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ALEX BRUMMER: Bailey beats the retreat on recession figures

Positive outlook: Bank of England chief Andrew Bailey predicted that inflation

ALEX BRUMMER: Bailey beats retirement after his bleak and catastrophic predictions for the UK economy

Here’s a lesson for politicians and commentators who have decided to treat this week’s forecast by the International Monetary Fund (IMF) of a 0.6% fall in the UK economy in 2023 as calamitous: economic projections are not not written on stone tablets.

In November, the Bank of England cast a pre-holiday pallor over Britain when it predicted the longest recession in the country’s history and a fall in output from peak to trough of a whopping 2 .9%.

Less than three months later, the Bank says the recession will be less deep, spanning five quarters instead of eight, and the drop in growth will be 1%.

It’s a big overhaul.

The IMF is specific in identifying the causes of the UK’s sub-octane performance. The Chancellor has weighed so heavily on the fiscal impact on the economy that the incentives for businesses to invest are negligible.

Positive outlook: Bank of England chief Andrew Bailey predicted that inflation

Positive outlook: Bank of England boss Andrew Bailey has predicted inflation will ‘fall rapidly’ at the end of the year

Compare how the government uses its balance sheet and what is happening in the United States and Germany.

President Biden’s $738billion (£600billion) Cut Inflation Act is a huge push to green the US economy.

In Germany, government and industry have developed a “Marshall Plan” to deal with the post-Russian energy future.

There is a government-funded plan to boost battery capacity to support the manufacture of up to 3 million electric vehicles a year.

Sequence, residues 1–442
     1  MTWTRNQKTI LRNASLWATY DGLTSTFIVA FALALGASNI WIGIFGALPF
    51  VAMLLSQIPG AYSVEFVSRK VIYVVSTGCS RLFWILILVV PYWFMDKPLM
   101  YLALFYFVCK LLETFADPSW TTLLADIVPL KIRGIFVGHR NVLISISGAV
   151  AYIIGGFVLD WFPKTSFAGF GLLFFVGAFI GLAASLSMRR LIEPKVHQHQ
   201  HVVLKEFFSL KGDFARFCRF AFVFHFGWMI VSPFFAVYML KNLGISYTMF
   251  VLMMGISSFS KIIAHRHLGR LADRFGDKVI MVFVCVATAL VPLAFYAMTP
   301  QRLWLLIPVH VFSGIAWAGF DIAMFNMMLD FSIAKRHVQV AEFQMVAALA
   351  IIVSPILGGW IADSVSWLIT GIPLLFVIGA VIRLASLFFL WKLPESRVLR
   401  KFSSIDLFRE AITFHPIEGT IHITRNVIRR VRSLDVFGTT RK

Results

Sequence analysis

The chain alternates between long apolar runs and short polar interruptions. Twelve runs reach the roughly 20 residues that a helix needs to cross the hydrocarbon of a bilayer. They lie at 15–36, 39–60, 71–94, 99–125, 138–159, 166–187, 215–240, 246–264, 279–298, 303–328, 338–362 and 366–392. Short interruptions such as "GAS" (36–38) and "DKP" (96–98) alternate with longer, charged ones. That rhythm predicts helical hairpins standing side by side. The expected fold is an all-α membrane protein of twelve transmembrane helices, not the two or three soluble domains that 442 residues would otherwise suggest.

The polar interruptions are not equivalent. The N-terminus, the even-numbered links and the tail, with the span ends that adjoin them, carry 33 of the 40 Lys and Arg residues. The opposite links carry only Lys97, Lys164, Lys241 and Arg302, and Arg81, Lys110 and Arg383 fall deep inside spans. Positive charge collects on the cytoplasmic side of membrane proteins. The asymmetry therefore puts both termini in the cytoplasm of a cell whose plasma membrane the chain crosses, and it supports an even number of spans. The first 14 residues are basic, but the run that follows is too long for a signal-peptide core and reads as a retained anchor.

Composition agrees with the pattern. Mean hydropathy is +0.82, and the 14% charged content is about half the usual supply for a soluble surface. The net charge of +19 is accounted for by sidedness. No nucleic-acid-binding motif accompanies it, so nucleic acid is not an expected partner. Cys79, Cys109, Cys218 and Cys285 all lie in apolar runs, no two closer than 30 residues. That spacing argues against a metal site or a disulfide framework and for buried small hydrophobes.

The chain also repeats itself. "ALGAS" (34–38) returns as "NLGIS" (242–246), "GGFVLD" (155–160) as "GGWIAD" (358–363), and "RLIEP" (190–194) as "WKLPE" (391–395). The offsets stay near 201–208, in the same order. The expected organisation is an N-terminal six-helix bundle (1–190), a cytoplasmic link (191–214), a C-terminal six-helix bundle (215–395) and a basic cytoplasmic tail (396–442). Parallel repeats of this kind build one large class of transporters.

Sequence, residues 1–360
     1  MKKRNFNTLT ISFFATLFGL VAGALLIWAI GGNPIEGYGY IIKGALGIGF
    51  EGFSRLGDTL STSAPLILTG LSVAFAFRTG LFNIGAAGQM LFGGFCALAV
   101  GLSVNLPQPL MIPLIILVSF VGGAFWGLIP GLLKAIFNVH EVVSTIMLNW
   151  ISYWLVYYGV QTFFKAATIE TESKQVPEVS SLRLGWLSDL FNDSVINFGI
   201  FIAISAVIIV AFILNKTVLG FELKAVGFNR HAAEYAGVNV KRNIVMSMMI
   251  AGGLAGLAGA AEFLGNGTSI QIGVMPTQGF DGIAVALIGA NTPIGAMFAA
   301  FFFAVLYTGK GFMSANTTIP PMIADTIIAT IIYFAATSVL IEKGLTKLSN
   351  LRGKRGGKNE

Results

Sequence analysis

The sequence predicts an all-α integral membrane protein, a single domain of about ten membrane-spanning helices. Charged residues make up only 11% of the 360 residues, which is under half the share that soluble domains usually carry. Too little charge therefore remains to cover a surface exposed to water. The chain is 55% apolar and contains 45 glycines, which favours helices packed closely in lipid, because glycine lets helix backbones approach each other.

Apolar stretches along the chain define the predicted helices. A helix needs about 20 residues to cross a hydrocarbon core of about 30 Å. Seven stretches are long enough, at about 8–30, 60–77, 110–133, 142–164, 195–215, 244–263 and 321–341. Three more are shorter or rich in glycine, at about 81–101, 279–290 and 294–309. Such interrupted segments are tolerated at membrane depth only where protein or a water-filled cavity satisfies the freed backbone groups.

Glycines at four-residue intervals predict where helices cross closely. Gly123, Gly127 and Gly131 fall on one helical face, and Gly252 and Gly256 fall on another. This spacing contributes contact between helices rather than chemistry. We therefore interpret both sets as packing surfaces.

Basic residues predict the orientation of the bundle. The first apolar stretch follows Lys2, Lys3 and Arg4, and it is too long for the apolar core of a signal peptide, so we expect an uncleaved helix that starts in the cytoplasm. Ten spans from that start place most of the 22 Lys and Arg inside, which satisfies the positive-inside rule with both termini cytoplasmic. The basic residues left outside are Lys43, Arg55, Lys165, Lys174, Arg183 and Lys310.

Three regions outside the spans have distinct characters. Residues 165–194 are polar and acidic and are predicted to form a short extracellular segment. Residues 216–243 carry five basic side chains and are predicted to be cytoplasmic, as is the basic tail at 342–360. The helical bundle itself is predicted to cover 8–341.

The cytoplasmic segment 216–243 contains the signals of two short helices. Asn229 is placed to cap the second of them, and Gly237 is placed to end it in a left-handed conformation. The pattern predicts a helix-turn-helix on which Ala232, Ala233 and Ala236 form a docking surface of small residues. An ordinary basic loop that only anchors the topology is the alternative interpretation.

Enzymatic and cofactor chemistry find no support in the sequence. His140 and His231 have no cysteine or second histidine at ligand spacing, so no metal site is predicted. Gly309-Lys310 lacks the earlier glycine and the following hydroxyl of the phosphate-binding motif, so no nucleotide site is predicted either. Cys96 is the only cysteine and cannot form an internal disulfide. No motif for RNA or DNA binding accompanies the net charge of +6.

Meanwhile, Berlin and the energy industry have come together to compete for a liquefied natural gas terminal in less than a year.

The UK is an exception in collecting tens of billions in additional business taxes, but has no industrial strategy. The implosion of the poorly planned and poorly supported Britishvolt factory is a case in point.

When it comes to interest rates, Bank of England Governor Andrew Bailey, Bank insiders and Monetary Policy Committee member Jonathan Haskel don’t think enough has been done to slay the dragon. ‘inflation.

The rapid expansion of broad money has moderated, so the source of the surge in the cost of living has subsided. The Bank is concerned that private sector wage settlements are too high and add to upward pressure on prices.

The answer is a half percentage point increase in the bank rate to 4%.

How interesting that two outside members of the interest rate setting committee, Swati Dhingra and Silvana Tenreyro, voted for no change.

The combination of sky-high tax increases and interest rates rising to the highest level in 14 years is overdone.

In the same way that the Bank of England was reckless when prices exploded in 2021, it is now overcompensating with ten successive jumps in the cost of borrowing.

Groupthink has been a feature of major central bank policy in recent years, tarnishing performance.

Policy changes create casualties. Homeowners faced with rising mortgage bills are spending less and clogging the housing market.

If second buyers postpone their purchases, first-time buyers are excluded. Likewise, home builders are slowing down land acquisition and development and it takes a long time to move the market.

As for savers, there has been a movement in their direction. National Savings & Investments threw down the gauntlet with its 4% one-year bond.

The right thing to do for the big banks would be to react by increasing the return on their savings and deposits.

Instead, they embrace the endowment effect, the increased profits that occur when the spread between deposit and lending rates widens. It’s the bank’s dirty little secret.

Banks are happy to sit back and watch savings absorb what Chancellor Jeremy Hunt describes as the ‘stealth tax of inflation’.

This document is not immune to overconfidence in forecasts. The recently deceased British economist Professor Alan Budd was passionate about what can be observed.

Clues to economic health can be gleaned from the number of shopping bags clutched by shoppers, crowded subway stations and cranes hovering above city centers. Evidence can also be drawn from closed stores in Darlington and the use of food banks.

Retail specialist Springboard reports that despite railway strikes, the number of workers returning to the office in January 2023 was 17.3% higher than last year.

The number of people shopping in city centers has increased by 15%. These are numbers we can actually believe.

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